I don’t think much about office chairs these days but when I did I was of the opinion there were only two kinds: really bad ones and really good ones. And like most companies, the two I worked for purchased the bad ones because they were cheap. And before the Aeron, I suspect most of the expensive ones were pretty bad as well. Wheels always falling off or locking up; the seats were wobbly; hard to adjust.
A few years before I retired took some of my savings and bought myself an Aeron chair to use in my office at work. I think I paid north of $1,000 for the thing but I’ve never regretted it. It’s as good as its reputation. The design is based on the following tenants:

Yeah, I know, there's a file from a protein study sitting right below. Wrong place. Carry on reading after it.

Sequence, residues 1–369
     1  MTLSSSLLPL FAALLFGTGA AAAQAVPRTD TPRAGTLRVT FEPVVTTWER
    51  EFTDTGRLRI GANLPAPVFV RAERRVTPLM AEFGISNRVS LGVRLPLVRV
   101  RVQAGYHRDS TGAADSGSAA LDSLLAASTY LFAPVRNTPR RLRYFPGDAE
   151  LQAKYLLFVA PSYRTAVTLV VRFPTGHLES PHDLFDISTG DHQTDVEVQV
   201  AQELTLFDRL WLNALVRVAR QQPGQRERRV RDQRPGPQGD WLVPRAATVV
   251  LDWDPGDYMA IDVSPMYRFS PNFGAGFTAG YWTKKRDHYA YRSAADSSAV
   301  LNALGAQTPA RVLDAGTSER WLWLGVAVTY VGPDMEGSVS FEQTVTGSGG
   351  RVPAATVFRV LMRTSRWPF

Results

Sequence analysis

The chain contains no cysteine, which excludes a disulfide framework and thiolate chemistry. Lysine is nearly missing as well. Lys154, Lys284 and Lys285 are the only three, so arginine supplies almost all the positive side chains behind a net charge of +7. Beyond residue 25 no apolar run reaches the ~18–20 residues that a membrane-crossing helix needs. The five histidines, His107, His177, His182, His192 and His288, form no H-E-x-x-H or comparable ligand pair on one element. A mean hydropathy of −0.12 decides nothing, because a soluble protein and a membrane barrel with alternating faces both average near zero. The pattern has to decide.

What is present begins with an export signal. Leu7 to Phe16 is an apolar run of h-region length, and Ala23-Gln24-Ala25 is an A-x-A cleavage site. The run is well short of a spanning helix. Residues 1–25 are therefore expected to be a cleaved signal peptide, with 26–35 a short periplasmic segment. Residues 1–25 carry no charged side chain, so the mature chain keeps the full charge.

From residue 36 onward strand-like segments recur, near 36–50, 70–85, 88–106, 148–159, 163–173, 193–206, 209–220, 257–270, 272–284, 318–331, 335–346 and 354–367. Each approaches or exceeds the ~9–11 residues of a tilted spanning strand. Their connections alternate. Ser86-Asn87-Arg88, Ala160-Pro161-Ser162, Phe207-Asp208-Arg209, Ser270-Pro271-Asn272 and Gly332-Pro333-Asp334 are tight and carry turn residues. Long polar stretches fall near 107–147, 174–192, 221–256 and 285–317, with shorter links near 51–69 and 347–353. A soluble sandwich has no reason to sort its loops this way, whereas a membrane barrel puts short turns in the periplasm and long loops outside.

- A chair should be perceived as comfortable before, during, and after sitting upon it. Comfort is as much a matter of the mind as of the body.
- A chair should enhance the appearance of the person sitting upon it.
- While allowing postural movement, the chair should also embrace the body.
- The chair should provide correct support for the sacrum as well as the lumbar region of the spine.
- The chair should provide a simple means for height and angular adjustments. A chair should be friendly to all parts of the body that touch it.
My Aeron is in my home office now.